There's an ad out right now for Google's Chromebook laptop with a slogan that says, “Switch to a new way to laptop.”
While I'm hesitant to disparage any of our digital overlords for fear of being stricken from search results, I feel obligated to take a stand.
You can't “laptop” something; “laptop” isn't a verb.
While I try my hardest to keep things positive here at Grammar Guy HQ, certain things grate my grammar gears. While I've touched on the “verbification” of nouns before, I haven't explored how marketers and company names have verbified nouns ad nauseam.
I know I've seen other instances of brazen verbification in the oversaturated commercial environment in which we live, but the Google example really made me want to laptop someone in the face.
Of course, it's every modern company's goal to become a verb themselves. While Bing (Microsoft's search engine) tried hard to make “Bing” a verb, people still “Google” queries into search engines (usually Google). This made me wonder: What other company names have become verbs as a result of their overwhelming popularity?
When you owe a friend money these days, you don't write them a check. You probably don't even have cash. Instead you “Venmo” or “PayPal” them the money from your bank account into theirs.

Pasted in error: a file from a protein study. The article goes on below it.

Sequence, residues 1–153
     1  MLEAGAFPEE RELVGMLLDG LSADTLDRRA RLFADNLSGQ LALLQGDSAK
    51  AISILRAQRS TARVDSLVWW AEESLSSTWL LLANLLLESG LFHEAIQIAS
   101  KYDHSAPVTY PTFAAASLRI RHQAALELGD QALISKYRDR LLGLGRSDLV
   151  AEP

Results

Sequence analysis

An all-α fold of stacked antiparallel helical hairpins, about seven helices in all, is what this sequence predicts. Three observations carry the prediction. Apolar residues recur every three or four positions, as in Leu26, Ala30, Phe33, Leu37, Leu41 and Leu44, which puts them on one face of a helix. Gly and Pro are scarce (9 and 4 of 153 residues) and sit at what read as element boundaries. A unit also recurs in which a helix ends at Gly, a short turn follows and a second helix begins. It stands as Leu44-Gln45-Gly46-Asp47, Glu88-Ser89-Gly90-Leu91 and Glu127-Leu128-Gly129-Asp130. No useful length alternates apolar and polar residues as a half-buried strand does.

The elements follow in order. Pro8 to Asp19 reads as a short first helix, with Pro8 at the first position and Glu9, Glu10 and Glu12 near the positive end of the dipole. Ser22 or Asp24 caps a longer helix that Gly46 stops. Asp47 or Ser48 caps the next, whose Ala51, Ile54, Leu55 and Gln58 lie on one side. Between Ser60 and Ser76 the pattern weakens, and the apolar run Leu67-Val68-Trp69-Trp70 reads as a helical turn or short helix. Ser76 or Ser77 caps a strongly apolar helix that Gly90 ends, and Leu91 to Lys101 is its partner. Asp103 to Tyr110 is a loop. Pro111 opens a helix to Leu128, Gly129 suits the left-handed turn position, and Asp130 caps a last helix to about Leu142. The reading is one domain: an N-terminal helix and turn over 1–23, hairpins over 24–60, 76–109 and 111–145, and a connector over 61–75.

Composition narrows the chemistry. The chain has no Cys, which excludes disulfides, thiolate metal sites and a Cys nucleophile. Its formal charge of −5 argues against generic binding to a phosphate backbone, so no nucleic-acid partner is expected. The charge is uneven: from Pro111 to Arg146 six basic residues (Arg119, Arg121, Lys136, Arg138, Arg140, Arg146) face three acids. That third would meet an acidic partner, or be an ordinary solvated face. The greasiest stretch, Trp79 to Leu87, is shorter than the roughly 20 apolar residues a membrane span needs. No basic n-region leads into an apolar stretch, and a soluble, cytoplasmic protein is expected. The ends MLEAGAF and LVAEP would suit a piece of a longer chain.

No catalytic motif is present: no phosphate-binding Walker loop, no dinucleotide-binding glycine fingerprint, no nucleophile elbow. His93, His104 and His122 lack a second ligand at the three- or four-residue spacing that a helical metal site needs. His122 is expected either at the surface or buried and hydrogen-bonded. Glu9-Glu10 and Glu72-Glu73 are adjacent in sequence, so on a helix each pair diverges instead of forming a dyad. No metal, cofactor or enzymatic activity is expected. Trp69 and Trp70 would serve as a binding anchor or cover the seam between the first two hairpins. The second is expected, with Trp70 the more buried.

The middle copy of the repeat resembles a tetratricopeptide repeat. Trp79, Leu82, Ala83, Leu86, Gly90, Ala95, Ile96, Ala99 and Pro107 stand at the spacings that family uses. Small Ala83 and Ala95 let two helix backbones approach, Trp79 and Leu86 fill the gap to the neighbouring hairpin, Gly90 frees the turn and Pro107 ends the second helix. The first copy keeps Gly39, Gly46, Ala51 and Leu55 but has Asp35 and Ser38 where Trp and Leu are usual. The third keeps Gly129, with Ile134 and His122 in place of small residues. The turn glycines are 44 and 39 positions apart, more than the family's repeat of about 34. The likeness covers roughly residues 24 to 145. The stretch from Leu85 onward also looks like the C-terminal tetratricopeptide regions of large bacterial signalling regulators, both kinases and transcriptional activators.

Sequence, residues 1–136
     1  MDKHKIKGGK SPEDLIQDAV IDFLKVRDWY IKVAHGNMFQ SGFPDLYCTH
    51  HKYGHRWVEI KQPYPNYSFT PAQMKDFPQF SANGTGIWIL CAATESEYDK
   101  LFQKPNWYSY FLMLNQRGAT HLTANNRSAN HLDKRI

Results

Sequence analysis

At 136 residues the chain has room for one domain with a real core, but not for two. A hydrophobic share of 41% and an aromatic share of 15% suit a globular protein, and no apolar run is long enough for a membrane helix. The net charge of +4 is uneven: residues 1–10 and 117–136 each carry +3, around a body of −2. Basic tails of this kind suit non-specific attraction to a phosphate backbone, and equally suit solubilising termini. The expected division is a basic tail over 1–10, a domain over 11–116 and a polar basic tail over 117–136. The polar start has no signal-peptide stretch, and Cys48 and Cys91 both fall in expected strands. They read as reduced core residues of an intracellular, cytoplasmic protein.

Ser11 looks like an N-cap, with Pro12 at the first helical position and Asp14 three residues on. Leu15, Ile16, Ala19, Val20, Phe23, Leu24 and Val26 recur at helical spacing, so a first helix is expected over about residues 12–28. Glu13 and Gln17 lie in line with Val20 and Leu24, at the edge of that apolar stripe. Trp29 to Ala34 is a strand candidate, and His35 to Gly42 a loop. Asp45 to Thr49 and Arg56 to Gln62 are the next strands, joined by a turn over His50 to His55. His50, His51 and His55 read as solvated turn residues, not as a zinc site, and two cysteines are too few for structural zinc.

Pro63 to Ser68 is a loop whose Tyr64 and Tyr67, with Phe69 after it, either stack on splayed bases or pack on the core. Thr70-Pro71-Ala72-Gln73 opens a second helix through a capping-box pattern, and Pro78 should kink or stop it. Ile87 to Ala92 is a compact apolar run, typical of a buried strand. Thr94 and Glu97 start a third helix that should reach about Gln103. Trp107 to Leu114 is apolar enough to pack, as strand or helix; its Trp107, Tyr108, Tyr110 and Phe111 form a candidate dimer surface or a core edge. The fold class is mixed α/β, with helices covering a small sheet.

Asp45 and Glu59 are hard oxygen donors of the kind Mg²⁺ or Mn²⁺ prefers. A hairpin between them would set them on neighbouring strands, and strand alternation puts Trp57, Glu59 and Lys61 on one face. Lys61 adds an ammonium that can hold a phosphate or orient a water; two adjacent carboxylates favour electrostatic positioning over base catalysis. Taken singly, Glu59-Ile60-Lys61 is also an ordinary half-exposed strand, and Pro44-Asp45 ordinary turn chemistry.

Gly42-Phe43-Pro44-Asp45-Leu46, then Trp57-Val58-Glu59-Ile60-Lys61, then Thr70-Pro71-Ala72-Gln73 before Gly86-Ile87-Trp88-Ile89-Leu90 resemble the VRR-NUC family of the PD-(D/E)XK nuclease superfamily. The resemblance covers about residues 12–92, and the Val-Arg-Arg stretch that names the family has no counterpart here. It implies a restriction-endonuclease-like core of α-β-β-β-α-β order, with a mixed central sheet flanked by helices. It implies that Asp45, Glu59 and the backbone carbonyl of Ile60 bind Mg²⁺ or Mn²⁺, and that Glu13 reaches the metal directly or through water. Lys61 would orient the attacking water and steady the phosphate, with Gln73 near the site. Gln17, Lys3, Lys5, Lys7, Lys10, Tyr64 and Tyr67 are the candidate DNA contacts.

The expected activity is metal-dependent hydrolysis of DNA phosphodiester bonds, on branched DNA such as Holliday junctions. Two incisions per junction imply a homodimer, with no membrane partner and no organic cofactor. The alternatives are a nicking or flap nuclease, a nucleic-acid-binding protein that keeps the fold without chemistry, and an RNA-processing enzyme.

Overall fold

This brings up another confusing point: Do you keep the verbified company name capitalized? According to the Associated Press and Chicago stylebooks, the answer is “yes,” although you'll find the word “Google” as a verb lowercase (“google”) in many online dictionaries. The capitalization situation is in flux; stand by as this phenomenon evolves.
The official word nerd term for converting a noun into a verb is “denominalization.” While I don't mind this word, I prefer “verbification” or even “verbing.” I like the irony of taking the noun “verb” and verbing it.
Have you talked to someone using a video feature on your smartphone? Chances are you either Skyped or FaceTimed with them. For some reason, “video chat” or “video call” doesn't suffice.
Lately, we've Zoomed many of our meetings, Ubered our way home from a night out with friends and Instagrammed photos of our dogs. This is what modern companies dream of: Make your product so ubiquitous that people use its name in place of a more descriptive-yet-common verb.
Until these company names become genericized (think ChapStick, Kleenex and Thermos), I suggest capitalizing these verbified, trademarked words.
If you disagree with me, feel free to conduct your own search engine research on a leading internet website.
Curtis Honeycutt, aka The Grammar Guy, is a Noblesville-based syndicated humor columnist. He is the author of “Good Grammar is the Life of the Party: Tips for a Wildly Successful Life.” Find more at curtishoneycutt.com.